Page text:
Lexus GS300h 2014 review
Ewan Kennedy road tests and reviews the Lexus GS 300h.
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The Hyundai Genesis -- the latest of which will arrive in Australia after October this year -- has always aimed for its name to represent a new era for luxury. Previous models sold overseas offered an incredible value for a luxury car. But value for money can only go so far for the image-conscious. Hyundai is determined this time around to add "desire" to the Genesis, and we think it's gone a long way toward accomplishing this.
The company has the target buyer for the 2015 Hyundai Genesis tagged as "The Upgrader" - someone who either has a strong income but isn't rich yet, or someone who is less interested in status and more interested in good products... who wants to have a car that's luxurious but not too ostentatious.
Hyundai lists the primary competition for the Genesis as being the Lexus GS, Mercedes-Benz E-Class, and Cadillac CTS, while the secondary competition consists of the Lexus ES, BMW 5-Series, and Audi A6. When you take into account Hyundai's anticipated product mix — of 85 percent of Genesis models being sold in the V6 trim we'll get here (the V8 and AWD will be built only in left-hand drive) - you can surmise that it aims more at the lower end of that rival set — with the ES 350, as well as models like the Chrysler 300 and possibly the Toyota Aurion and Nissan Maxima.
Those people are going to be absolutely wowed by the level of technology and active-safety features in the new Genesis. From automatic emergency braking and full stop-and-restart radar cruise control, to various other detection systems and an active lane departure and lane keep assist system that studies lane markings and will steer you along for 15 or more seconds before scolding you to get your hands back on the wheel, the Genesis now has an active-safety set (mostly) matching what's offered on German luxury sedans.
That's not all, however. The new rack-mounted electric power steering system is the best of any Hyundai we've ever driven — and among the best of what's offered in models more on the comfort side of the luxury-sedan realm.
The 248kW/396Nm 3.8-litre V6 had plenty of zip to move the sedan quickly — with an immediacy and linearity you won't find in the downsized, turbocharged engines from some of the German brands (albeit with less torque down low)— and the eight-speed automatic grabbed the right gear promptly.
The Genesis remains an interesting Act Two in that Hyundai doesn't seem any more willing (or decisive) in how to badge this car. They've again opted to skip the Hyundai badging entirely in front — which brings to mind the Oldsmobile Aurora. Meanwhile, the Genesis badge on the front of the hood and on the steering wheel is looking more Bentley than ever; we see loads of Audi influence straight on from the front; there's some Mercedes in the headlamps; and we doubt the proportions from the side wouldn't be as they are without BMW precedent.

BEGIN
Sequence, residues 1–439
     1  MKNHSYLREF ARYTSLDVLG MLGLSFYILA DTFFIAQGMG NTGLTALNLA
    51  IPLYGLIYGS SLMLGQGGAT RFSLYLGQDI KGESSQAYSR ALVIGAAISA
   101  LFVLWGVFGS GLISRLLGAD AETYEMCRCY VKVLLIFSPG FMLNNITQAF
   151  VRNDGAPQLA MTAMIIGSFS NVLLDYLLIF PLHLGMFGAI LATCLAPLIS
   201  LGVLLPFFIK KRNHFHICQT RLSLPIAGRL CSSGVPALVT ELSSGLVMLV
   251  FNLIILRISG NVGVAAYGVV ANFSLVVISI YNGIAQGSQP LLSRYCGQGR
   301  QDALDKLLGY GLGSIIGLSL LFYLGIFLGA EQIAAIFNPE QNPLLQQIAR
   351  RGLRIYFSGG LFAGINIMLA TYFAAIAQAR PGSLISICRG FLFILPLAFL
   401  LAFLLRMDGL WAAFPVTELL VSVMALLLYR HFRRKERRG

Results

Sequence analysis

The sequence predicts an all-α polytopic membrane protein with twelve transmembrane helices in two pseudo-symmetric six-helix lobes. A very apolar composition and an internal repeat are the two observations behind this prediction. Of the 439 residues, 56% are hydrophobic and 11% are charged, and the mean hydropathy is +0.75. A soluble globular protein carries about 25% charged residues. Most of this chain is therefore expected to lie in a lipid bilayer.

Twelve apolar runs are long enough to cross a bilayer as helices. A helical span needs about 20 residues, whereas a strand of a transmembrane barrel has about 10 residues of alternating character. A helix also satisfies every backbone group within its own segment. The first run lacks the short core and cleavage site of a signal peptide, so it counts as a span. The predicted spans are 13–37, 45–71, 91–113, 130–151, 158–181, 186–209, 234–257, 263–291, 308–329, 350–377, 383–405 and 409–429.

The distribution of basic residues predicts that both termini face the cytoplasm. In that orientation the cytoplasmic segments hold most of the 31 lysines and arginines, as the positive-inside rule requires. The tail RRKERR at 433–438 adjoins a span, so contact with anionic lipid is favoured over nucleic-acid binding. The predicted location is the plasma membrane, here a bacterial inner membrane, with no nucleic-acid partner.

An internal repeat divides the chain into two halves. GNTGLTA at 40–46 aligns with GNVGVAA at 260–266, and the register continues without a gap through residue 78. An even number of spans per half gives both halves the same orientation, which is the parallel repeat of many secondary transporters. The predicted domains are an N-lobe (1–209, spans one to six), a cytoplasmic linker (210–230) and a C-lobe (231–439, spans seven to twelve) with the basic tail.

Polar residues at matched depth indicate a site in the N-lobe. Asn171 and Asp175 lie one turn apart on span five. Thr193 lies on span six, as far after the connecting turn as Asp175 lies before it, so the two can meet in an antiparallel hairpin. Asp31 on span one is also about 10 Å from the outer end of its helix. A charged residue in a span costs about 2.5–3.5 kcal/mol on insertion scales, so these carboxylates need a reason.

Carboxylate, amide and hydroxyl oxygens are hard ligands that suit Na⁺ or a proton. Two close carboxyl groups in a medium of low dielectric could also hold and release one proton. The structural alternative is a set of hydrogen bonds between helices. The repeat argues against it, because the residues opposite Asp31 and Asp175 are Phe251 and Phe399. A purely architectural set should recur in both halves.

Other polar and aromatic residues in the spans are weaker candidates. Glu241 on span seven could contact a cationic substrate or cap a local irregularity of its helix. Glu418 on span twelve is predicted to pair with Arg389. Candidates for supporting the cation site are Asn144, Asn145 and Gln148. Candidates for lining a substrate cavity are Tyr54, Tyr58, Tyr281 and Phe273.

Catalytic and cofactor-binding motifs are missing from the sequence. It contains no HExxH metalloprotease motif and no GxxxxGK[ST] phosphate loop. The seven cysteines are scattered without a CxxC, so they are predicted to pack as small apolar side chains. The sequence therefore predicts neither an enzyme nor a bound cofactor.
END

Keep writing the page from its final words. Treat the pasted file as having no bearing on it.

Ride quality in the 3.8-litre V6 models is excellent; Hyundai has also (with some help from Lotus, who gave input and advice) managed to give the Genesis the kind of supple yet firm ride that's also eluded it otherwise. Throw it harder than most owners might into a tight corner, and this car has remarkably neat body control for an 1800kg-plus sedan. The 3.8 Ultimate we spent the most time with would bite into each corner with more enthusiasm, and the car as a whole felt more balanced.
The steering is very well tuned, with a light and precise but settled feel on centre, and weighting that gathers convincingly around tight corners. The rack itself is of the mechanically variable-ratio type, which gives this big sedan the right kind of nudge it needs at times.
Inside, the Genesis makes its own interior statement, and while materials and trims—including the beautiful matte-wood finish used for the dash and doors—are attractive, the rotary-knob infotainment controller feels closer to that used by Mazda on several of its models than what's employed by Audi (MMI) and BMW (iDrive). You won't find anything capacitative, for better or worse.
Up close, the Genesis adds up to even more value and charm than you might think — and it's far more enjoyable to drive than we anticipated. The Genesis will remain, to some skeptics, a delusion of grandeur. Even into its second generation, you can catch it at times pretending it's bigger than it is. On the other hand, the Genesis lets you play the game, and it could cast you as smarter.
Put the brand blinders on, however you might do that, and the Genesis shines. If you're okay forgoing the pedigree, the heritage, and the cachet of the three-pointed star or the big 'L' on your vehicle, and you really do gauge your car ownership by a sweet spot between nuanced luxury, comfort, value, and overall sensibility, then the Genesis is that sweet spot.
|(base)||3.8L, ULP, 8 SP AUTO||$17,900 – 24,860||2015 Hyundai Genesis 2015 (base) Pricing and Specs|
|(Sensory Pack)||3.8L, ULP, 8 SP AUTO||$19,400 – 27,060||2015 Hyundai Genesis 2015 (Sensory Pack) Pricing and Specs|
|(Ultimate Pack)||3.8L, ULP, 8 SP AUTO||$27,000 – 35,750||2015 Hyundai Genesis 2015 (Ultimate Pack) Pricing and Specs|
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